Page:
One blemish with Henry's reign which was pointed out by my opponent was his failure to convert his daughter Mary to the new Anglican faith. I agree that this was a major flaw, however it too can be justified. Due to the fact that Henry VIII assumed that his son Edward, would succeed him, he payed to majority of his attention to him. Henry did not have the ability to see into the future and therefore could not possibly know that Mary would eventually ascend to the throne.
I have displayed that Henry VIII was both responsible for unifying England under his authoritarian rule and by extension both stabilized and strengthened England. While I will admit that Henry VIII did have a few issues with his reign, if you consider the situation that he was placed in and the end result, it must be concluded that Henry VIII overall had a positive influence on England.
Thanks for the fun debate!
Considering the princes in the Tower, murdered by Richard III just before the Tudors came to power, I had promised not to focus excessively on Henry VIII's personal character. Yet it rises to such egregious proportions I think it affected his rule and the welfare of England. The £1.3M he garnered by sacking 800 monasteries could have been saved had he refrained from that one last war with France I mentioned in round 2. Henry would elevate the hatchet man for the monastery job, Thomas Cromwell, to Earl in April 1540 but chop his head off two months later. While my opponent tells us Henry was strong against the feudal lords, was this beheading done to placate a Duke of Norfolk Henry may have been more afraid of than we suppose?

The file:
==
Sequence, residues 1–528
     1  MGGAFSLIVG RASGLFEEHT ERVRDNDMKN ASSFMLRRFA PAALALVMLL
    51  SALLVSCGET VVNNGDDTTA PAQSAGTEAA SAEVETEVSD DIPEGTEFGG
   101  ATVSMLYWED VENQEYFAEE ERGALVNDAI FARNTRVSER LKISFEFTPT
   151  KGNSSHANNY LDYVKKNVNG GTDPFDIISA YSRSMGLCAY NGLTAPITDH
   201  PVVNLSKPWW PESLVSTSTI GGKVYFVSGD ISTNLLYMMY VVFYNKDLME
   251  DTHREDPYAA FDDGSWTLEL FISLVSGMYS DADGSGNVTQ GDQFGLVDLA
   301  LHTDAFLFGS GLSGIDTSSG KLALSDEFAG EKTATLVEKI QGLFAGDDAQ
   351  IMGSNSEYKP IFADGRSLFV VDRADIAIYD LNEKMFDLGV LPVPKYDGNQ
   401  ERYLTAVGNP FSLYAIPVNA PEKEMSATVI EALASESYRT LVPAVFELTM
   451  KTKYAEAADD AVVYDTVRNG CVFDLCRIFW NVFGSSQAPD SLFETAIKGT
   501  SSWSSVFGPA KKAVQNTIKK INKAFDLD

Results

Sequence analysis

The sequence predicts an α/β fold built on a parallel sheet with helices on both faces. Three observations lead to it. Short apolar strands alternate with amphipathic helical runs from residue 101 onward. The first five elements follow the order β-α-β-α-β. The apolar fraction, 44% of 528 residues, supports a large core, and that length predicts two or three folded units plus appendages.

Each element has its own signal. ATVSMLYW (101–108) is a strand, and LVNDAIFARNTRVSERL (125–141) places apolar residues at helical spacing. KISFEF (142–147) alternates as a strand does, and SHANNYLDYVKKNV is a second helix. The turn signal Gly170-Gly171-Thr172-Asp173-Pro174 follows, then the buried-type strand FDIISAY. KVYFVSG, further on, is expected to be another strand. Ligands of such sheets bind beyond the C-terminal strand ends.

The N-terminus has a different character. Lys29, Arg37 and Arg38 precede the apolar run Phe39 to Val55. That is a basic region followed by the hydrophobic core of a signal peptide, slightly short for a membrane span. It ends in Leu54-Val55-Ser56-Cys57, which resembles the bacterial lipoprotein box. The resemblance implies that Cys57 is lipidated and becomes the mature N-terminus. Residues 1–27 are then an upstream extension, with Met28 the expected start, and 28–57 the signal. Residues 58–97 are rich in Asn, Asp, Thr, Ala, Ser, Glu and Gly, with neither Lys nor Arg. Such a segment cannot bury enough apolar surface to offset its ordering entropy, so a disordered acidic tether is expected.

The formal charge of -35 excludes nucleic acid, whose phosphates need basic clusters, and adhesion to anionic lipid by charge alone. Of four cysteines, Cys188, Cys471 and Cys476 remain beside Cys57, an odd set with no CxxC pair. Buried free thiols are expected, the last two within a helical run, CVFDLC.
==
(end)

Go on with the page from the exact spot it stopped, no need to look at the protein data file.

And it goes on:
And his addiction to jousting, a sport expected of young kings but hardly of a 44-year old monarch, in 1536 caused him a serious accident that would leave him able to walk only with difficulty the rest of his life, as ulcers from the leg wound festered. He had been expected to die right then, and when Anne Boleyn heard the news, she was so shocked she miscarried her baby, who would have been a male and perhaps Henry's long-sought heir.